Inside Studio 54 With Tod Papageorge

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© Tod Papageorge
© Tod Papageorge

We step inside the hedonistic nirvana that was Studio 54, via Tod Papageorge's mesmerising photographs of the iconic club

A curly-haired beauty, decked in silver frills, reclines dramatically against a bar; identical twins in matching tracksuits sway to an unheard song; a mysterious woman dangles from the ceiling like a tightrope artist, preparing to unleash a netful of balloons onto an expectant crowd. What could be mistaken for stills from a David Lynch film are in fact a series of beguiling photographs by lauded American street photographer Tod Papageorge, taken in New York nightclub Studio 54 between 1978 and 1980, and available this month in book form courtesy of Stanley/Barker.

"I was inspired by the beauty of its denizens and the fiery pleasure that they took in being there" – Tod Papageorge

Come nightfall, Studio 54 was home to the city's brightest young things; not only a photographer's dream, but one particularly suited to Papageorge's poetic vision. "Only the famous or socially connected could assume that they'd be shooed around the flock of hopefuls milling on the street side of the entrance rope and through the door," he describes. "Once inside, though, everyone there seemed thrilled by the fact, no matter how they managed to accomplish it, a feeling fed by the throbbing music and the brilliantly designed interior, which, from night to night, could suggest anything from Caliban's cave to a harem." Here, in celebration of the book's release, we speak to Papageorge about his inspirations and aspirations for the series, alongside a selection of our favourite images.

On his favourite anecdote from the club...
"Photography was my only agenda when going to Studio 54; I couldn’t have made the pictures I did there with anything less than total – and sober –concentration. I was, arguably, much too serious about what I was doing, which is the artist’s perennial dilemma: 'The intellect of man is forced to choose perfection of the life or of the work,' as Yeats put it, which, while sententious – and sexist – pretty much describes what I believed when I was making these pictures. 'Anecdotes are for dancers', I probably would have said – or something like it – if I’d been asked the question then. In other words, I was nigh on insufferable."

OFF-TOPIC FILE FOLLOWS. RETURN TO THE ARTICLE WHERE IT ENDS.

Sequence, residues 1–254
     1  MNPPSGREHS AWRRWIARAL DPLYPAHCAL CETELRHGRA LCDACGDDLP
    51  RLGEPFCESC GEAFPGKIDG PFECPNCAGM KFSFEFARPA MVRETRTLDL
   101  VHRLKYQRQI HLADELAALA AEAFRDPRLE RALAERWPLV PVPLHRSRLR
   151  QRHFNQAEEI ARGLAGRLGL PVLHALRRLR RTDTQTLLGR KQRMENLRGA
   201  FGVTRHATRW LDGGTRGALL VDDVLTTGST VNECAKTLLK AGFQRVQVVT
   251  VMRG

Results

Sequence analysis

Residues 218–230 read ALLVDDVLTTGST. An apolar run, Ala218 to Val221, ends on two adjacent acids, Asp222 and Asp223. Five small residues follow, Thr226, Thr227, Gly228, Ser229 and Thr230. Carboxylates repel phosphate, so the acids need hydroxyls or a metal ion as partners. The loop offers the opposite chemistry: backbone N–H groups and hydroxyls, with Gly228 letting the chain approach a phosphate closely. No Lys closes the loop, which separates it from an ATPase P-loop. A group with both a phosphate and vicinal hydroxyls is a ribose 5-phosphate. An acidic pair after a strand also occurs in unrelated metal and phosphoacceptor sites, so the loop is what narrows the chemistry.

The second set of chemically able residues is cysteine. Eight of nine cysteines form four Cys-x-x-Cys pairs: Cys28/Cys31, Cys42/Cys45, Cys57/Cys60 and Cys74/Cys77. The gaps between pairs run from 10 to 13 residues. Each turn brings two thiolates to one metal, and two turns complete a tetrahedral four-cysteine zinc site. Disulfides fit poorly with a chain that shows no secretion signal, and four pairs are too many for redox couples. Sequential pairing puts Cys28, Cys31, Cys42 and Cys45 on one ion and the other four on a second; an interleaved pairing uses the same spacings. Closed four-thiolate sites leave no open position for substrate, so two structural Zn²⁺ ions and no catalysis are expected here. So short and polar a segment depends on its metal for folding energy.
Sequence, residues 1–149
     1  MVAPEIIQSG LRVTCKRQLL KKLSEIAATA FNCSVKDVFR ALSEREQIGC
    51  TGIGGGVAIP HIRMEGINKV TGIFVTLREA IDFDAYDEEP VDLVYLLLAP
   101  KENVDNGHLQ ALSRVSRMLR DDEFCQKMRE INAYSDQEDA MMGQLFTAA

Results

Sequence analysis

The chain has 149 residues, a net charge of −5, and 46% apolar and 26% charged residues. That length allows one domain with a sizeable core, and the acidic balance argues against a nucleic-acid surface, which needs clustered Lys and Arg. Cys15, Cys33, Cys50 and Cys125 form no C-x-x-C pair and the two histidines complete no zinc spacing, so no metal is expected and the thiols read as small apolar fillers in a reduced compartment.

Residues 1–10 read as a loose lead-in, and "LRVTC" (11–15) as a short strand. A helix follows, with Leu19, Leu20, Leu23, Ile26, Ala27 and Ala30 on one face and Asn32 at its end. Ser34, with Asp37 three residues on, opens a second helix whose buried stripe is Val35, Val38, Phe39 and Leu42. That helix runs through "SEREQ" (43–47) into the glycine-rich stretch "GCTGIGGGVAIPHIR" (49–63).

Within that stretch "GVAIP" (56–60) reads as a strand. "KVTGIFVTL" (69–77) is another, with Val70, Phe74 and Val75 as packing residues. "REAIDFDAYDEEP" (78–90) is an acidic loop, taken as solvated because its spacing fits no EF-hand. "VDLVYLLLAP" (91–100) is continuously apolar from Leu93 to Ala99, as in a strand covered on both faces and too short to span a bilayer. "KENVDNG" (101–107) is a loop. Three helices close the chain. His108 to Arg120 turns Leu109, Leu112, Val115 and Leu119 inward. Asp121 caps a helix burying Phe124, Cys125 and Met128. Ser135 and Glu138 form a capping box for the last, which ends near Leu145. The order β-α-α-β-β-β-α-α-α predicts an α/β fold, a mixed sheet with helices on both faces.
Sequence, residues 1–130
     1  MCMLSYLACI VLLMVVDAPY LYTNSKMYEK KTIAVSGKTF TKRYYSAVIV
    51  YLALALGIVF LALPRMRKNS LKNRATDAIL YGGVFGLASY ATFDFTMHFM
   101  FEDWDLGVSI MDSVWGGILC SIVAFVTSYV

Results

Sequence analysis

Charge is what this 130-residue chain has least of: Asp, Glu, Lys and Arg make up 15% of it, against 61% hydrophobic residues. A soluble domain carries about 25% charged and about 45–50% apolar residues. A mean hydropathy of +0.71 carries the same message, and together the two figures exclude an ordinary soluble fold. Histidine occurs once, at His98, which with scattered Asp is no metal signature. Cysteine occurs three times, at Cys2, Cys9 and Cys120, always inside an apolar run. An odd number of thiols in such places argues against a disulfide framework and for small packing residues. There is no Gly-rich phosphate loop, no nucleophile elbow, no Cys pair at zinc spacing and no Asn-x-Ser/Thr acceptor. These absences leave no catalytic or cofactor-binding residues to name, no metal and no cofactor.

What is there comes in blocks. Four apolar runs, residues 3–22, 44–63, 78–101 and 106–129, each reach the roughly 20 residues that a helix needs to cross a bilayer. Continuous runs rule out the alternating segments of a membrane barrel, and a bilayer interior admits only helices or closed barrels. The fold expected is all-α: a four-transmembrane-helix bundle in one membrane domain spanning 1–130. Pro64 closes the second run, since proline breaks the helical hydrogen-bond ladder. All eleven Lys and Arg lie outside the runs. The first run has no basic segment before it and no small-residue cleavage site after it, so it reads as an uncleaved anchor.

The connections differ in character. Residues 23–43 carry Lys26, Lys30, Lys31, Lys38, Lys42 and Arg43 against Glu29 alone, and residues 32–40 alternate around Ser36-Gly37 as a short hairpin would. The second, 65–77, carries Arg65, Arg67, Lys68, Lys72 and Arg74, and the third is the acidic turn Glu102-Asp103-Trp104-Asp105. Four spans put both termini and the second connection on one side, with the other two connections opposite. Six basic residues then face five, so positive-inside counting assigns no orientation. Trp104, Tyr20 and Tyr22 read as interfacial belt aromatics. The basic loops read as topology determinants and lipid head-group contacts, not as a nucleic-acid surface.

On the film-like quality of the images...
"Right from my first minutes in Studio 54, the beauty of its denizens and the fiery pleasure that they took in being there seemed to me to present the possibility of making such pictures, and is what kept me coming back. Actually making the photographs eloquent enough that they resemble film stills was that possibility realised, although always elusive. I’ve always believed, or hoped, that, if a given photograph appears to have a narrative quality inhabiting it, it might be more clearly understood as less a piece of journalism or reportage (the common reaction to photographs made in the world), than as a new, created thing; in other words, as a kind of visual poem constructed (if only in a moment) from literal fact."

On his key inspirations ...
"I’d seen a retrospective exhibition devoted to the work of the great Hungarian-French photographer, Brassaï, at the Museum of Modern Art in 1968, and never forgot it. And the photographs of his that I admired the most were those he made at night in the 1930s, not only in the streets of Paris, but more particularly in nightclubs, dance clubs and brothels. But, at least as much as the subjects of those pictures, I was taken by their beauty as prints, which I realised was related to the medium-format camera he’d been using. This produced a negative four times the size of that created by the 35mm Leica that his most brilliant contemporaries, Henri Cartier-Bresson and Andre Kertesz, had adopted in the late 1920s, a difference that revealed itself in the gorgeous tonal quality and descriptive exhaustiveness of his pictures. So, although an experienced Leica photographer myself, I bought a series of modern-day versions of his camera beginning in the early 1970s, and began to use them seriously at about the time I made these Studio 54 pictures, in 1977-78."

On New York, then and now...
"I feel New York has changed profoundly, although I’ve lived outside of the city for more than 20 years now. Certainly the grit and wonderful, ethnic neighbourhoods scattered throughout Manhattan, particularly, back in those days, are lost now, and with them a sense of antic energy and commitment to something other than the acquisition of money, which seems to me to define the island now."

On the best advice he's been given...
"Garry Winogrand, the great American photographer who was a close friend of mine, used to tell anyone who’d listen that “The most important rule in photography is, ‘Don’t drop your camera!’” Still good advice. As is Robert Frost’s observation that “The best way out is always through.”"

Studio 54: Tod Papageorge is out now, published by Stanley/Barker.